«ICO market is dead» — this was the most common phrase I've heard on the BlockShow Las Vegas last week. Yet there were more than 1,500 attendees discussing various projects and seeking backers for them. It was quite obvious that the whole community is faced with the dilemma of finding a right method to value a given ICO.
This sentiment is echoed by several recent articles published on the Bench providing an excellent guide on how to find a right project to support. I will try to add another dimension to the solution by providing three questions that every intelligent ICO supporter should ask before committing to a project.
In a nutshell, one should remember that ICO is not about technology or hype, it is about the business. This is a hard lesson learned during the dot-com era and it is in a heart of Wall Street when it comes to working with innovative companies.
This lesson could be transformed into the following questions:
Are you betting on the horse or on the jockey?
Typical M&A question that gets a different interpretation in the crypto world: are you excited about the token or the business behind it? Remember, that despite funding a particular idea you are not getting any equity or say in the business development. A business that you are about to support will be entirely driven by its own benefit, not the benefit of the token owners. The best scenario for a startup is to be bought by a larger player, leaving ICO supporters in the questionable state at best.
A sound supporter should rather analyze the long-term value of the token:
1. What is the projected supply/demand? Hint: don't underestimate the hype.
2. Is this coin, or crypto in general, is essential to the project's well-being?
3. Is projected growth driven by something else than adopting the crypto?
Is the business model meant for the retail or commercial customers?
Understanding the key beneficiaries of the project will allow ICO supporters to understand where they will end up in the food chain. Imagine a situation where one of the key commercial customers offers to ditch the token in favor of fiat payments. From the business development standpoint, a company should take an offer and not risk losing one of the major revenue streams. In other words, the bigger key customers are, the more bargaining power they will have over retail ICO supporters.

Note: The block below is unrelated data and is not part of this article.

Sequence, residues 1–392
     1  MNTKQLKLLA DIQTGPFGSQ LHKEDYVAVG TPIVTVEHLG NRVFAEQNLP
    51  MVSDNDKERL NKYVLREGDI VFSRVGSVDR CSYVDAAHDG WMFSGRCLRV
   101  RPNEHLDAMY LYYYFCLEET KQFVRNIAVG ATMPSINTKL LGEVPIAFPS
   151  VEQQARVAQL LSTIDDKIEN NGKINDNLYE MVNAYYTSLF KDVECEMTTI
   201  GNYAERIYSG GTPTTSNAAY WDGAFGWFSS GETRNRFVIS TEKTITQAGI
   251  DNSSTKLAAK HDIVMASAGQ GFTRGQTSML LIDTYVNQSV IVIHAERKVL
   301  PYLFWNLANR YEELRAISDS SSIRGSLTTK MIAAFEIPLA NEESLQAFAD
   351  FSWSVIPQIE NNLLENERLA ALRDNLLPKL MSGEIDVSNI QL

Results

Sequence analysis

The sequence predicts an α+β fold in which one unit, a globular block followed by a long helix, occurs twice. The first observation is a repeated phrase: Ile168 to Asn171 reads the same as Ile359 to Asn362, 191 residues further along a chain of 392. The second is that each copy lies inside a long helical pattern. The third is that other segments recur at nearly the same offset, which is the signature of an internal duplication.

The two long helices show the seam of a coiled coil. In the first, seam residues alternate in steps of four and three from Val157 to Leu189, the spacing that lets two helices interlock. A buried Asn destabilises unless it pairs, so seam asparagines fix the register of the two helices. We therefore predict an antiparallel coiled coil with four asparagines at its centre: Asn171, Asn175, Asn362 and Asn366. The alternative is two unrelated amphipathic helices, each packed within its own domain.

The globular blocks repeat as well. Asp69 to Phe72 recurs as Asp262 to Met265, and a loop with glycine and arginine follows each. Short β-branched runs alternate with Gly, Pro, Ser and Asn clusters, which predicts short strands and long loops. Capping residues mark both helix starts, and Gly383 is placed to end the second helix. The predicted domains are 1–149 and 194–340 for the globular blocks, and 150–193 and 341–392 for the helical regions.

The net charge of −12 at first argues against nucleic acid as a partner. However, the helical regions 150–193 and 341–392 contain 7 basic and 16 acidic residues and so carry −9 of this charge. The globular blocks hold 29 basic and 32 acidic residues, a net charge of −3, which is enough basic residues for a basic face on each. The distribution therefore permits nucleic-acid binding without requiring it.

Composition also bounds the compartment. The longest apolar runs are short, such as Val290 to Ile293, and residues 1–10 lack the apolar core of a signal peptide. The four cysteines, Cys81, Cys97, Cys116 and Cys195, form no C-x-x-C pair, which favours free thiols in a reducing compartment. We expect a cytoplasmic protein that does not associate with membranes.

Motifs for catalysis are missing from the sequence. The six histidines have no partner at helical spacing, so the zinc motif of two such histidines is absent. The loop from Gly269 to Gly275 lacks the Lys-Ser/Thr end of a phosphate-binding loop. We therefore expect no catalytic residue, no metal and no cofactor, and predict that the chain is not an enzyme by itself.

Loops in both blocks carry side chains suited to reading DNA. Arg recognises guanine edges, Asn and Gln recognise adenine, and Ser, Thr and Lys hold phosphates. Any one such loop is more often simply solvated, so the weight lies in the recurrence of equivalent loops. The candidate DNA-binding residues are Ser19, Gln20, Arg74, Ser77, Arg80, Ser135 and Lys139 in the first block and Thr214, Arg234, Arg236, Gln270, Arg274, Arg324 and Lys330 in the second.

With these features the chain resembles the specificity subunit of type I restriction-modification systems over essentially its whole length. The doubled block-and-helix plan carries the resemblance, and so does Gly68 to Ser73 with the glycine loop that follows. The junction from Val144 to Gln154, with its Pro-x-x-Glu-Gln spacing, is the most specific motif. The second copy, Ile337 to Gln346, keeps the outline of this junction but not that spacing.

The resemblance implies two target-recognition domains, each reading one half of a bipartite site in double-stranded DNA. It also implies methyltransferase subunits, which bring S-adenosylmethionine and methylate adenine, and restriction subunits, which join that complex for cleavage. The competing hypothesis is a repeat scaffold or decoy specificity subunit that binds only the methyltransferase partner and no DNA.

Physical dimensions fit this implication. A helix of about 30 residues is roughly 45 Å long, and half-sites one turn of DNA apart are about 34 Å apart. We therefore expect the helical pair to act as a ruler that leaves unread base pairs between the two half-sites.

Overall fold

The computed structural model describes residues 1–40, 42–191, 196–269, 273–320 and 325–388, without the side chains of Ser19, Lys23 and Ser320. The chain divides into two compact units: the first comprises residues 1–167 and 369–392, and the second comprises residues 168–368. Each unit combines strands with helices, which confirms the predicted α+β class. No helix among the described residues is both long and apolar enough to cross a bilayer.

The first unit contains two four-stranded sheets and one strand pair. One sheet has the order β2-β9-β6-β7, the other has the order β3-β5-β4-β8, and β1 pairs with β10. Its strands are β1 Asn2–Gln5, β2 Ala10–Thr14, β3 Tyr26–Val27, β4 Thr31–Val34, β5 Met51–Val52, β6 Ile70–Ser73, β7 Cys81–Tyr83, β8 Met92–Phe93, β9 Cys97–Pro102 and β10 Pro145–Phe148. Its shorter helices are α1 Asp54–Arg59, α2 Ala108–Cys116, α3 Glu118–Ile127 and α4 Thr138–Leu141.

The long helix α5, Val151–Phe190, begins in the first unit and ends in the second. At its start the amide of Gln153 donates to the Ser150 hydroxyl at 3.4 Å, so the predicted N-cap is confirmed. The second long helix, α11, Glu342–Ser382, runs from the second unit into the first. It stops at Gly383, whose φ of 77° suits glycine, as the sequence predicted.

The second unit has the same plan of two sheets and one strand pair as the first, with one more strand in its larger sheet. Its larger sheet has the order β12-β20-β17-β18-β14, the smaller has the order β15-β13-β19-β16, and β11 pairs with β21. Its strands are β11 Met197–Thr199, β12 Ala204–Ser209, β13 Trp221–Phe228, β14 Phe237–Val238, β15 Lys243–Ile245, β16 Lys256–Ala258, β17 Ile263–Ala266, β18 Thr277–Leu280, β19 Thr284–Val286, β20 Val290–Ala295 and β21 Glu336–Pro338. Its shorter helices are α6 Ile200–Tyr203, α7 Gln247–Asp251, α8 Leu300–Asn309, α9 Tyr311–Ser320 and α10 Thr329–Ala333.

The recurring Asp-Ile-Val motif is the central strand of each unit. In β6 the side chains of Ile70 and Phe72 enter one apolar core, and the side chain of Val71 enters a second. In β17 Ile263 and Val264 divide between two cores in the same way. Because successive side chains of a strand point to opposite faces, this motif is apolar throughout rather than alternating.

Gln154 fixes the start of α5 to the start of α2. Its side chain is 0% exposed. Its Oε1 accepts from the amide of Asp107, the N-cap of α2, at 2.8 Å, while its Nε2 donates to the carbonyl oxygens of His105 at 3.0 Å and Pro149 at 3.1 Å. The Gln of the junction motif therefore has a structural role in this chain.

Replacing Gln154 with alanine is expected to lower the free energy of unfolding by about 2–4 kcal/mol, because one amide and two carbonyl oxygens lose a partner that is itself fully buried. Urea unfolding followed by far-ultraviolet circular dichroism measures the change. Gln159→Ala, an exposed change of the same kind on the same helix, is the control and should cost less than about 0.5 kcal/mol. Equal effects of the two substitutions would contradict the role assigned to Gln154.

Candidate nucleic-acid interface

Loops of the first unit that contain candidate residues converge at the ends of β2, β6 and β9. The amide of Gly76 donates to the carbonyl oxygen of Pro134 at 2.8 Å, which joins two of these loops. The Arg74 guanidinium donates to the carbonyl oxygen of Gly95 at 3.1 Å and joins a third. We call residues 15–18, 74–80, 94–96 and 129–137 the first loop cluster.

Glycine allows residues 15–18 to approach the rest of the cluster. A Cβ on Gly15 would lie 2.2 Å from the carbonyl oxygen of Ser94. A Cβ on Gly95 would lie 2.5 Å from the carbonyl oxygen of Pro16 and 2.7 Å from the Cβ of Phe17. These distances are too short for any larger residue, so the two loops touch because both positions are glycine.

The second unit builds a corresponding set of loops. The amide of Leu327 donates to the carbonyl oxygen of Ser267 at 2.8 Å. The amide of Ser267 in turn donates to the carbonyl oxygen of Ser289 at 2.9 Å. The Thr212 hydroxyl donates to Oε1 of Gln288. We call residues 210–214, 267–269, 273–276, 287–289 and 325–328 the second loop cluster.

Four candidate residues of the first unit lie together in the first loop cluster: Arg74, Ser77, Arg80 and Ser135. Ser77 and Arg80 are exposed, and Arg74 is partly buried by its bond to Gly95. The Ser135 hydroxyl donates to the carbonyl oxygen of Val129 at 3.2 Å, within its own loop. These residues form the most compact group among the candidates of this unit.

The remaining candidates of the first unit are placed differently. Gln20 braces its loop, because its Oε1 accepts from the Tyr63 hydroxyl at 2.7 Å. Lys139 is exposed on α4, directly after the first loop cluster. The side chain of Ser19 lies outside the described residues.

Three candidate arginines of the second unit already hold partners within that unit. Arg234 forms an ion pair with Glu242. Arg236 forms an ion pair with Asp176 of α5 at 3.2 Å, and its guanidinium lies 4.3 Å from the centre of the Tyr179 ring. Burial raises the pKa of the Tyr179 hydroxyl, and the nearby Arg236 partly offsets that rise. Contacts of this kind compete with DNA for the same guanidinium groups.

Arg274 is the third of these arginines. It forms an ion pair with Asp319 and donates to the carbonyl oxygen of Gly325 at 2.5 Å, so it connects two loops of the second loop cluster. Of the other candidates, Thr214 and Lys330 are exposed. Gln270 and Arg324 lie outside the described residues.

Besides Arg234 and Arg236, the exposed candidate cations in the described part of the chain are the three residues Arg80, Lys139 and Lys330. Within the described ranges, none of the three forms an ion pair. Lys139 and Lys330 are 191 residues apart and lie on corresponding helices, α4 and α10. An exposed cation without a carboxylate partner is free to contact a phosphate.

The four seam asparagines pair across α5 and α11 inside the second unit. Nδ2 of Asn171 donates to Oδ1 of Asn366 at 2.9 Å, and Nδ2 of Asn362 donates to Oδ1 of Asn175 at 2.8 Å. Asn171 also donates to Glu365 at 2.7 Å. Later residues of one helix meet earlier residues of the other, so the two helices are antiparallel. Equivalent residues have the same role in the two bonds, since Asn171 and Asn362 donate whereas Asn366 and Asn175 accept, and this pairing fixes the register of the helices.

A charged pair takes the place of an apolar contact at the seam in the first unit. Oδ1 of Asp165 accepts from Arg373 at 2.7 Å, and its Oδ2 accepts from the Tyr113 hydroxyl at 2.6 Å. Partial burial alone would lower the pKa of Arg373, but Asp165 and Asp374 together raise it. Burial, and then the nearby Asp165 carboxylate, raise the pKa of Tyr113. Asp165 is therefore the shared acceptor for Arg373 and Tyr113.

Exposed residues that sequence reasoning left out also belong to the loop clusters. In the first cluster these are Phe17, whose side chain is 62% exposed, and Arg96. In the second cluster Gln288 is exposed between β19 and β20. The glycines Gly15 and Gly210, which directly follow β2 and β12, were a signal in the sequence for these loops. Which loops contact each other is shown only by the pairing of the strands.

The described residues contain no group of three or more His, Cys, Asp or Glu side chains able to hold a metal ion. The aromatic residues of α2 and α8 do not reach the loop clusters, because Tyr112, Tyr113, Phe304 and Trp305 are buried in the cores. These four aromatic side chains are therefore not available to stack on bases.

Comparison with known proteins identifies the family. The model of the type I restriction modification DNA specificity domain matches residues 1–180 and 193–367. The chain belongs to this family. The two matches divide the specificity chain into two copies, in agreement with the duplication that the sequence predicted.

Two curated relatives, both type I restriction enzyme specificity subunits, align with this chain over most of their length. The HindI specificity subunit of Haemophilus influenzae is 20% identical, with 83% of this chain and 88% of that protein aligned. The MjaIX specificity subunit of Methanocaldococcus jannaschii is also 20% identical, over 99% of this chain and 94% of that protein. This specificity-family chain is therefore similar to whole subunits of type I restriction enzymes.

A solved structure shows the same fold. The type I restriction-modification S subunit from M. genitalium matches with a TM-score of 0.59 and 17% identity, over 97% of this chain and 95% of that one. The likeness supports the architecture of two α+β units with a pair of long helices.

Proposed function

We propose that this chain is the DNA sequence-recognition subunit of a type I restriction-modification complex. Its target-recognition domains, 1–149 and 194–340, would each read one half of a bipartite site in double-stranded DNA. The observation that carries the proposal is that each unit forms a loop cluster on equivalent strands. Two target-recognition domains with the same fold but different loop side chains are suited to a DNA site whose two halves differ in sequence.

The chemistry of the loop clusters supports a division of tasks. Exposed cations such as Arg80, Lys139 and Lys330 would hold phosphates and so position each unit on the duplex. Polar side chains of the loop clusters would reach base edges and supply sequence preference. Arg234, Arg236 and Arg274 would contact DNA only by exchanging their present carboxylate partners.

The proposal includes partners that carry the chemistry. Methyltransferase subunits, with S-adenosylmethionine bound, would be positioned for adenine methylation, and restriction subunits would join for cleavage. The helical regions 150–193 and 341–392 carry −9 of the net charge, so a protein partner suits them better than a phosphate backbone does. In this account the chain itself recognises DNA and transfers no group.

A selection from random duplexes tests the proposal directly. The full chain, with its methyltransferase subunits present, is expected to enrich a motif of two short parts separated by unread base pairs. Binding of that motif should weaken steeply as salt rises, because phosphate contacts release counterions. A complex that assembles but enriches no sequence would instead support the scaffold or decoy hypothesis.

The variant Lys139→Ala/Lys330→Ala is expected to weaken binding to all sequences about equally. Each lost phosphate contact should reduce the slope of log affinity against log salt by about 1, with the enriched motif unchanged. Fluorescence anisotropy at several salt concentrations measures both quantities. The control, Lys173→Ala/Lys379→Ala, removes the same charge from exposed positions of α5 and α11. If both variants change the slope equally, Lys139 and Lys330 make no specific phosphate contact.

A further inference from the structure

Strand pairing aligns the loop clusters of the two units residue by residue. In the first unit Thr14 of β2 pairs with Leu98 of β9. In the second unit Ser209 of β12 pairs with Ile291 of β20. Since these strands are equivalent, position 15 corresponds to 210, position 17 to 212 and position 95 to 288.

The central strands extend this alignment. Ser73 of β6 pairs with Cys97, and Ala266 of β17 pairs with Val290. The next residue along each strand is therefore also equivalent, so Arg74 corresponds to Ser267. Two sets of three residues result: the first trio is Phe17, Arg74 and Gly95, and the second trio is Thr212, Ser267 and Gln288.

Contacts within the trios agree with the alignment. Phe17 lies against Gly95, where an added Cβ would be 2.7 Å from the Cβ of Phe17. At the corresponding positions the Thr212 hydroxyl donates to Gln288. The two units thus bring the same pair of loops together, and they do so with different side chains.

Are you funding a business or a project?
Compare the complexity of creating a brand new operational company versus expanding an already working business into the new geographical region. While both entail certain difficulties, building something from the ground up will require much more capital, effort and time. In other words, the more you have to create, these higher are the risks.
A sound supporter should analyze the ICO from the business development scenarios:
1. Best. Existing business expanding into the crypto world.
Take an example of certain FinTech company adopting the crypto as a mean of expanding their business. Not only the team clearly know the space, but they have a profitable business with alternative sources of income to support the development. In other words, the ICO-raised dollar will take such team much closer to the delivery of the fully working solution.
2. Good. Very strong team with relevant experience and track record.
Having seasoned professionals behind the project is, in my opinion, the best proxy for the success. In my experience running various Wall Street projects, there is an incredibly long and treacherous way between MVP and the final commercial solutions. Unless the team has succeeded in the relevant space before, they will certainly miss certain key points that can ruin the project.
3. Worst. Fresh team with no relevant experience.
One can certainly risk and support such project if the overall idea seems worthy, but possible return should be lucrative enough to cover all of the risks.
To summarize, a sound ICO supporter should ask these and other questions to properly estimate the associated risk. However, one should remember that a risk is not a bad thing by default. As long as risk is balanced by proper possible return there are no bad decisions to make.
Furher reading on ICO evaluation: